Day 561

I was scheduled to be in the Teaching Brewery today; since I had brewed my specialty beer three weeks ago, I was going to be cleaning kegs, bottling, etc. However, my summer brewery wanted me to come back and brew up a one-off, and a group of us students also needed to brew up a small batch of beer for a tasting assignment in Sensory. Since there was no available time on the Teaching Brewery systems to brew the Sensory assignment beer, I got permission from Jon Downing, the college brewmaster, to go forth and brew elsewhere.

So early in the morning, I was heading east along the north shore of Lake Ontario towards Toronto, rather than east along the south shore towards the college. Golly, a lot more people drive to Toronto in the morning then drive to the college. And they drive very slowly. And stop. And go. And stop. And go.

"Call-of Brew-ty: Black Hops" version 2.0

“Call-of Brew-ty: Black Hops” version 2.0

I finally got to the brewery and readied the pilot system. First up was a re-creation of “Call of Brew-ty: Black Hops”–regular readers might recall that this was the smoked chipotle black beer I created for Cask Days last October that turned out to be mind-meltingly hot.

There’s no question that due to a small miscalculation when adding the chipotle to the cask last October, the heat was turned up to 11. This time, I tried to dial it down a bit. I also added the smoked chipotle to the boil ten minutes before flame out rather than waiting to add it into the cask of finished beer. This way, I figured I’d have advanced notice if it was still really spicy, since I’d be able to taste it several times on its journey from wort to beer.The verdict? Well, I may have added less chipotle, but adding it to the boil seems to have integrated more capsaicin. Despite my efforts to be a bit more conservative, the wort that went into the fermenter was still pretty “wow!”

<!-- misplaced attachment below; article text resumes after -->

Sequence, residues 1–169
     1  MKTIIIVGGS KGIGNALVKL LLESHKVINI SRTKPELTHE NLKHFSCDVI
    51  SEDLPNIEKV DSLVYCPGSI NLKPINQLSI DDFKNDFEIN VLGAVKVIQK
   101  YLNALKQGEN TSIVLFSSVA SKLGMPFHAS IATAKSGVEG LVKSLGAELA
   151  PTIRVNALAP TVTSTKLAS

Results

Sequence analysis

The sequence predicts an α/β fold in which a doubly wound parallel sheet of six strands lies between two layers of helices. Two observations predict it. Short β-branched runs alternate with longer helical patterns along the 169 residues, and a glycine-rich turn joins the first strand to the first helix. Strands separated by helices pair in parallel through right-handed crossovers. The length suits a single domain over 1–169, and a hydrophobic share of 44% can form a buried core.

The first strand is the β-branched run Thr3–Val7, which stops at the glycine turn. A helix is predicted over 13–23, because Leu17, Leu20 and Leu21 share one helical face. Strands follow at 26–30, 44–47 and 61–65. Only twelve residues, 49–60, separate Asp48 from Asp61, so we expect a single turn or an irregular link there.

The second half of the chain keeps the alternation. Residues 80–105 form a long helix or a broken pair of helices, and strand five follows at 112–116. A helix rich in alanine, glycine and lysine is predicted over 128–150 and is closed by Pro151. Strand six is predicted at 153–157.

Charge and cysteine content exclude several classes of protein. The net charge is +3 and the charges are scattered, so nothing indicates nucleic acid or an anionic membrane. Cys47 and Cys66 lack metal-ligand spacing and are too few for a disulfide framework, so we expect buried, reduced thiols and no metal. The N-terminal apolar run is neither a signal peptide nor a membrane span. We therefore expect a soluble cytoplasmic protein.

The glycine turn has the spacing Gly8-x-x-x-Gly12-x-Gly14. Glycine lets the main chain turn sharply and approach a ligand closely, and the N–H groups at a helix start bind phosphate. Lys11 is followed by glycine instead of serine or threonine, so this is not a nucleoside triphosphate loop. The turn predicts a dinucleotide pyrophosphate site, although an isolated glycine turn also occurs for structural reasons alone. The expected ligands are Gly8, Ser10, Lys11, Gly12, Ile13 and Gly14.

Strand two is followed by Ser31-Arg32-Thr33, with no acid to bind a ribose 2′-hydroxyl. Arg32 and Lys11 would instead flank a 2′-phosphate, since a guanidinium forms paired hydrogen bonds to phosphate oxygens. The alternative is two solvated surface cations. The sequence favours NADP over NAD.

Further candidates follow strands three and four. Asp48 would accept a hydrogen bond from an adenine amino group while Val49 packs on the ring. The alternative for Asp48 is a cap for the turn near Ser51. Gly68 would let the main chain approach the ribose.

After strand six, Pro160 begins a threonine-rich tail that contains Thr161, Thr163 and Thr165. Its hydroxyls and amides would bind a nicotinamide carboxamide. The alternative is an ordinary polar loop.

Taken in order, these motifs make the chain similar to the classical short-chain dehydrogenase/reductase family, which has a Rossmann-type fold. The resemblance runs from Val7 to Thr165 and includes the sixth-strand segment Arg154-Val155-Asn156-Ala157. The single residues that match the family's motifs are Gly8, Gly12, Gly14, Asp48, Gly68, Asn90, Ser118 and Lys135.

As I was cleaning up, a couple of my fellow students arrived  to help make a beer for our Sensory assignment. (In essence, what we have to do is make a beer, use the class as a tasting panel to get their opinion of the beer, then use the data from the tasting panel to recommend whether this beer should be put into production.)

Because the beer isn’t the point of this exercise, we whipped up a British-style pale ale–easy, simple, not too many ingredients.

It was a longer day than usual, but the end result was two different brews fermenting away.

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